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Wisconsin Farmers' Institutes / Wisconsin Farmers' Institutes : a hand-book of agriculture
Bulletin No. 11 (1897)

Hays, John W.
Baby beef and silage,   pp. 135-141 PDF (1.9 MB)

Page 137

DISC''IION.                          137
We   has   followed enother co   oe for your calves until you put them on
With larger profits. We have always full feed?
made a practice of buying what young  Mr. Hays-We don't feed them very
stock we could at a reasonable price  heavy; we commence  with mmiai ra-
turning them into pasture and feeding tions. There are  more calves hurt
the following winter, selling them at with overfeeding than underfeeding.
two years   of age or less. We now estimate sixteen pounds a day.
have fourteen head that cost us on an  A Member-Do you   consider Stow-
average about $15. They will weigh eirs Evergreen sweet corn good corn
Jy the first of April 1,100 pounds each, for the silo?
which will leave us a good profit upon  Mr. Hays-No, there Is too much
a small expenditure.              sugar in It; it will develop too much
acid. Dent corn is all right.
Question-How is your silo built'
The Silo Necessary for Suces.      Mr. Hays-It is a stone silo, built in
The person who is going to mk a 1882. My barneis a osement barn, a
business of cattle feeding should  fol- ten-foot basement. I dug down in
low It right through, feeding every ground level with the floor and put up
year. We will strike bad years in this We wall the same as if I were going
business, as well as in other lines, put up a building, a two foot wall,
There is plenty of Opportunity to learn and I put a frame on that wall, a
mor eah yar.Thogh  hae 11-Inch frame. I had   eighteen  inches
morabe, echyar.o Thoughb Iursue fol-combinewall  makinsid  of bee! with It
lowed this business for the last fortyfoa wall on     dof krem   and s
years, upon a. somewhat small scal', I continued the walirights to'the top
find that I chaveapot to learnyetndthe silo, twenty feet; then I plastered
fndothatg thave ltsi tok lher ylaeof well wirth  ae   eengo       n
There are very many little details of smoth.   w      goin         and
the work that can  only be learnedst   oh.
through  practical experience, and it  Mr. Hyatt-Nearly every atrmer in
takes time to learn them.    We of Sheboygan county is a dairyman, but
southeastern Wisconsin, where land is a great many of them wouid like to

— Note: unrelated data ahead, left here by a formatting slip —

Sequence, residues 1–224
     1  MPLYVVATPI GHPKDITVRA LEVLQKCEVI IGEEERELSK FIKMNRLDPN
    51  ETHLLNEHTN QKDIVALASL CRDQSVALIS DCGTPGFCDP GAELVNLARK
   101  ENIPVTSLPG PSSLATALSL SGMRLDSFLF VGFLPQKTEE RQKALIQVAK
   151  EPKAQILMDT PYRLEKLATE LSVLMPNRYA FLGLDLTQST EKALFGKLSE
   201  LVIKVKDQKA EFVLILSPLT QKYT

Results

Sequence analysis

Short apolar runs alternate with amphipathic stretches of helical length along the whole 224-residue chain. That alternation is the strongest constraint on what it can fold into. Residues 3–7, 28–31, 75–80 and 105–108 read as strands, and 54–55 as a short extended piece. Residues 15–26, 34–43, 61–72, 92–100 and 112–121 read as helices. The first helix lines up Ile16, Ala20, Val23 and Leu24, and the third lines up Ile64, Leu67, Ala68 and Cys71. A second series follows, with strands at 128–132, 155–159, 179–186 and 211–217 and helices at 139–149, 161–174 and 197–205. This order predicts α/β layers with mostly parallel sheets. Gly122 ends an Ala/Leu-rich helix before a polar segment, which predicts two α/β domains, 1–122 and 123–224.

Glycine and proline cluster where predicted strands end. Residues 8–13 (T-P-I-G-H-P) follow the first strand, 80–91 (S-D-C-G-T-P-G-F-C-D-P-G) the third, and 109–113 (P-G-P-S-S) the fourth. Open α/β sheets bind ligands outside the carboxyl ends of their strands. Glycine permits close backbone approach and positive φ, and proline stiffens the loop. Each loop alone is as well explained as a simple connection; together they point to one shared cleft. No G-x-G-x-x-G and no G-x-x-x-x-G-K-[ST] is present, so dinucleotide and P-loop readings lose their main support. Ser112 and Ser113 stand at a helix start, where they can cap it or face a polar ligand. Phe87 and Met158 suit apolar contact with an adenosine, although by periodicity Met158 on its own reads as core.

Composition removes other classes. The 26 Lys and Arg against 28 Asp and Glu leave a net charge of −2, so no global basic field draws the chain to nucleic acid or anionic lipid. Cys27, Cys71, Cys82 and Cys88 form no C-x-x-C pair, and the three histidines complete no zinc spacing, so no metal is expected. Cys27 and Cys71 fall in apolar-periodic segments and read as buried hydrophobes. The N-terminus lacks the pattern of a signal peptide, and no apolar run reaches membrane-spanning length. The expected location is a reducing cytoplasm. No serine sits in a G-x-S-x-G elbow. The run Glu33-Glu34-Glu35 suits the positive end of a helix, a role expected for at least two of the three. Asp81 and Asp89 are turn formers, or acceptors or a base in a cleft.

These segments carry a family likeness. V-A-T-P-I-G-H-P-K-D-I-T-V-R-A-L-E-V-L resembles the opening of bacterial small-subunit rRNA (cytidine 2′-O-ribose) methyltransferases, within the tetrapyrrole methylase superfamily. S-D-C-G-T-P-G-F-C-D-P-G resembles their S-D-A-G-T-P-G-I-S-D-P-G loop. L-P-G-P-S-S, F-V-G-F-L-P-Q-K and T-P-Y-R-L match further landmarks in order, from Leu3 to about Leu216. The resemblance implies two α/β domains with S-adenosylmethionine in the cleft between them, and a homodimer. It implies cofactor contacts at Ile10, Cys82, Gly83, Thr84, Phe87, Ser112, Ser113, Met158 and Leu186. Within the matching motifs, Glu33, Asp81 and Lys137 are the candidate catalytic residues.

valuable, cannot profitably pursue the combine the making of beef with it.
methods in use among those living What would you do; keep two sets of
uponthe heapwestrn  lands. T n cows; one to raise heif er for the dairy
mAke ouerbusesspay       mn st Tfcr*o and another set to raise beef?
makeyour business pay wemustprais    The Cfrirglfman-  think we had bet-
tice rigid economy. The great thing ter refer that question to Captain Ar-
to cheap feed, end as to this there Is
nothing that will take the place of nold first.
good ensilage. Nothing will pay bet-  Mr. Arnold-I would say that if Mr.
ter than  P. sell constructed bilo and Hyatt is going to be a dairyman he
goodcornstilae  This mis the cheapesthad better be a dairyman.
feed wonslg.Ti ste chanprase,        Mr. Wyatt-Now we can't get the
fedfor roughage that wcariscows all milked.
and of the very best for makirgd Mo                                ot
beef; in fact, without silage we might gnr.arpol  o    ael   are kind  of
as well abandon this business,       o   r general-Purpose fel Mare You?
better have a general Purpose cow.
DISCUSSION.        The woods are full of that kind of The cow that will do, fairlV
A Member-What kind of corn do well at the milk pail and will produce
you raise for silage?               a good calf that will make a good steer,
Xr. Hay&_-COr that will raise ears; is a profitable animal for that kind
the more ears the better.           farmer, but you cannot make aL good
Question-How much milk and the steer from a good milking breed.
amount of Increase per week have you  Mr. Hyatt--Our butchers say that
s -s [- s
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